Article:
It’s been a while since I looked at some C4s, and a few popped across my computer screen in searches that I thought were worth taking a peek at. As the E34 M5 and W124 500E/E500 creep up in value, if you search you can still find excellent examples of the odd-ball turbocharged inline-5 all-wheel drive wonder from Ingolstadt. While the 1993 model in the U.S. didn’t sit quite as low as the 1992 model, some chassis fans love them because of the carbon fiber interior trim and as ’92s are quite limited and hard to find, coming across a ’93 or ’94 is a touch easier. Which one of these two excellent examples would you prefer to take home?
I’ve been taking a look overseas over the past few days at a few older treats that never came here, so today we’ll look at a few newer Audi products that also were prohibited from U.S. shores. One of the biggest disappointments for many four ring enthusiasts was that the 8P RS3 model wasn’t imported here. Basically a 5-door TT-RS, it was a Golf R on even more steroids – but today’s example upped the power a full 200 more than stock to 550. Similarly, I have one of the 333 8X A1 quattro MTM models produced a few years ago, and while it doesn’t share the monster performance of the RS3 it’s sure an appealing package. Which would you love to have here on this Tuner Tuesday?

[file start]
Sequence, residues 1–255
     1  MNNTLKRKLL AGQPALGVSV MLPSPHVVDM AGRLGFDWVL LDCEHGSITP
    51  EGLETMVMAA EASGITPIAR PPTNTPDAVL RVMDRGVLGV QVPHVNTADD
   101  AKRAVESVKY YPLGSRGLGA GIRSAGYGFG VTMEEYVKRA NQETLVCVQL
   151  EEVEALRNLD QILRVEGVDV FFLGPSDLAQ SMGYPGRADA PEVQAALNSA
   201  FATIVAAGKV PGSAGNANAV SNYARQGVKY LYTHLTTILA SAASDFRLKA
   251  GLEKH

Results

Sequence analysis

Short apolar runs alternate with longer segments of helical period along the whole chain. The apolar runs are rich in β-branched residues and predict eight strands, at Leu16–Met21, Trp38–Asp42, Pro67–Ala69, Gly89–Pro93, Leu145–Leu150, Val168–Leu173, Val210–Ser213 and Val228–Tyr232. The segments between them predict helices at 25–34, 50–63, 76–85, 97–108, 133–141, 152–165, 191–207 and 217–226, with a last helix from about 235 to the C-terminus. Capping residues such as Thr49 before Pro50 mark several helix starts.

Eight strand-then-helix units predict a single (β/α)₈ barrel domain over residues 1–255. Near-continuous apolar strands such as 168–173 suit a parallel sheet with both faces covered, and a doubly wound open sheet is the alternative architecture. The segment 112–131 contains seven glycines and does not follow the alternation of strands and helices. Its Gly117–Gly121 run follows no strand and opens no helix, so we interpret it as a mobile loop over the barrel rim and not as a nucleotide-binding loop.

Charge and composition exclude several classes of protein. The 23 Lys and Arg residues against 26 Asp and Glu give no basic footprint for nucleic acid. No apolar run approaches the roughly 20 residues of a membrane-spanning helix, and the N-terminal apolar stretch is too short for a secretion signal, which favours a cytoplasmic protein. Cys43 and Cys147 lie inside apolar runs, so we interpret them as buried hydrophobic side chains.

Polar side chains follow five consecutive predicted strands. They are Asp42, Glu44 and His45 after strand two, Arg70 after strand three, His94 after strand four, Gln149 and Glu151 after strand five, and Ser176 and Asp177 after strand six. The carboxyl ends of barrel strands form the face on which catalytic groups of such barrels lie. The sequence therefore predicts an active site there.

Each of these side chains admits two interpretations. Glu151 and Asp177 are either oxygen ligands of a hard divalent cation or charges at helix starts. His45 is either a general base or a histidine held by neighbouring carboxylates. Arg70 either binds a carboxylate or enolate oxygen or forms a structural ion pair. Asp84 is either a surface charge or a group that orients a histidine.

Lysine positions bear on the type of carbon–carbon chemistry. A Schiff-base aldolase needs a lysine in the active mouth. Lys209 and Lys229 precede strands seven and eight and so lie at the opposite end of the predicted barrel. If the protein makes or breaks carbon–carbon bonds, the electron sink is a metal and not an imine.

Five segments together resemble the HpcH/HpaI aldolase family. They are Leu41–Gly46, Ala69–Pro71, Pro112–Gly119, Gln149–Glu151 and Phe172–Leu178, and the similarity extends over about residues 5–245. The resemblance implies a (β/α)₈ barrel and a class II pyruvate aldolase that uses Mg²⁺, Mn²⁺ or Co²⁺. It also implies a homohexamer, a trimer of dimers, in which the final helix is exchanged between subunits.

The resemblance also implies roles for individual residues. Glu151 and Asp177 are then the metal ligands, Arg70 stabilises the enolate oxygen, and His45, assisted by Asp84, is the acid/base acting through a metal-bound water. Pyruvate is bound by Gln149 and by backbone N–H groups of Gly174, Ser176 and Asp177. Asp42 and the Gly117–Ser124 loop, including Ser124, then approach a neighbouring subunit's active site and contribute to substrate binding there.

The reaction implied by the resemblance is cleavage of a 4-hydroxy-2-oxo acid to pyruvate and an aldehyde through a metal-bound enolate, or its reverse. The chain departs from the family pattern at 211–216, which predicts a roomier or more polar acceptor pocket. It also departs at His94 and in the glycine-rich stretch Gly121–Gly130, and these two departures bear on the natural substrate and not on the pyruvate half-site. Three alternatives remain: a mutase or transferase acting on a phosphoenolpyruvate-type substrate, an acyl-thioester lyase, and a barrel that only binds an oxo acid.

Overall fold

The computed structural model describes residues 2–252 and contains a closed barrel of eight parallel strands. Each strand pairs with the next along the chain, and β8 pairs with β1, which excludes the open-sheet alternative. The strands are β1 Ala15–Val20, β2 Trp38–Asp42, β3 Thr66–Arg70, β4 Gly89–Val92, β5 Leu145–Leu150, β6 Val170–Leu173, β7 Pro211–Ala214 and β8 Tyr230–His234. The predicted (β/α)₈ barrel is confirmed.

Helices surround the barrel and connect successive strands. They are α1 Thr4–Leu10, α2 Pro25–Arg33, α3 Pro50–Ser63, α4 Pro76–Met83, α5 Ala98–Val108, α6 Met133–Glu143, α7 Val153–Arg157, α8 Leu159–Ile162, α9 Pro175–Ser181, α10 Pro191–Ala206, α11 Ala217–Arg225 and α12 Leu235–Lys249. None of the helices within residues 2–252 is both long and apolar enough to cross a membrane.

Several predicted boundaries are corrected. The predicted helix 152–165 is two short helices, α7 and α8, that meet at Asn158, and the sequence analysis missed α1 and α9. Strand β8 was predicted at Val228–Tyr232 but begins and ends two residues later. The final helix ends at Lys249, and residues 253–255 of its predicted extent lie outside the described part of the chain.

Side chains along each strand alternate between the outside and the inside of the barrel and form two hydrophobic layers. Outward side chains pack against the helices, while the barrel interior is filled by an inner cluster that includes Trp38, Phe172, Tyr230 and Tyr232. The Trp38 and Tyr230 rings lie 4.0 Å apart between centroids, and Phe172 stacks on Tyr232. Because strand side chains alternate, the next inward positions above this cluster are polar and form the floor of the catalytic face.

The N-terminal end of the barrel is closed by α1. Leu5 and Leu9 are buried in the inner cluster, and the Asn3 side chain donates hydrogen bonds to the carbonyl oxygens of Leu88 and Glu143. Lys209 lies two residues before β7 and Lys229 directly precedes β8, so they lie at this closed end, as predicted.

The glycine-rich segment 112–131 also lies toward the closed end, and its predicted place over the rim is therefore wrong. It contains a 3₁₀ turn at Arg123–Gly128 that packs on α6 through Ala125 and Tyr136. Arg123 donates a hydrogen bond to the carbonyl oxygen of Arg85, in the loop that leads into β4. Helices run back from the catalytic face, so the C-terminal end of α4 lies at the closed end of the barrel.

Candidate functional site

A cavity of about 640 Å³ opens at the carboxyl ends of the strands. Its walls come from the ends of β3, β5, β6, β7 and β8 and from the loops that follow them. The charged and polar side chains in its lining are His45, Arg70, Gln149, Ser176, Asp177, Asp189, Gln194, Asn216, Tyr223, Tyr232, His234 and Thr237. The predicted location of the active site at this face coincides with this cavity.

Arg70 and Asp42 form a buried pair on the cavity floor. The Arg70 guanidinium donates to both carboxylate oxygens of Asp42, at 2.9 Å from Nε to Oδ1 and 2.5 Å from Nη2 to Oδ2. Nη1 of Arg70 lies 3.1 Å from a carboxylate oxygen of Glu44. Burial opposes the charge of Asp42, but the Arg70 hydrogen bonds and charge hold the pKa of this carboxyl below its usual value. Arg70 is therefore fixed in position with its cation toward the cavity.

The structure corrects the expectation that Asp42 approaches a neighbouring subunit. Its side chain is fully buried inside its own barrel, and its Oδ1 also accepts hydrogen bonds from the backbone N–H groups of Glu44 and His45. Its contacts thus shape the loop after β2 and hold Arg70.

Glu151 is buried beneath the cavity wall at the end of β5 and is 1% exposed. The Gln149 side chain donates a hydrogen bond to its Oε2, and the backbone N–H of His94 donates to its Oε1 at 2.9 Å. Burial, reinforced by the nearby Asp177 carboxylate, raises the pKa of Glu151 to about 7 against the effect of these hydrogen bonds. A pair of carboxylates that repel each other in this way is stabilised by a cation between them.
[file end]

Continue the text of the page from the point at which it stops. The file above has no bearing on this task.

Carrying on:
You have to ask yourself when pondering the Aztec, “Did Italdesign really think they’d make 1,000 of these in the late 1980s?” Certainly anything seemed possible then – the world was in the midst of a supercar revolution. Porsche introduced the revolutionary Group B based 959, while Ferrari had the twin-turbo brothers GTO and F40. Then there were countless others on the horizon – Jaguar XJ220 and XJR-15, an all-new Lamborghini Diablo, the Bugatti EB110 and Cizeta-Moroder V16 – even some wild U.S. based creations like the Vector and Callaway Sledgehammer Corvette. But perhaps more wild than all of these was the wild “Aztec” from Italdesign. Giugiaro’s company had long been pioneers of advanced and cutting edge designs, but they really outdid themselves with the Aztec. As if taking inspiration from some of the best futuristic designs from the 60s and 70s, the Aztec looked part jet fighter, part rocket ship, and part Star Trek communicator. Indeed, it wouldn’t be surprising at all to have someone like Mark Hamill or Harrison Ford pull up in an Aztec at a movie premier; it was as otherworldly and futuristic as both Hollywood and the sets of Star Wars and Blade Runner. But even if there were more wild designs that you might have seen on the show circuit in 1988, Giugiaro – with the aid of some hefty backing from Japanese capital – was crazy enough to produce road going versions of these cars. What was not surprising, then, was that there was a market for them – though, admittedly, it was as limited as the daily drive-ability of the car.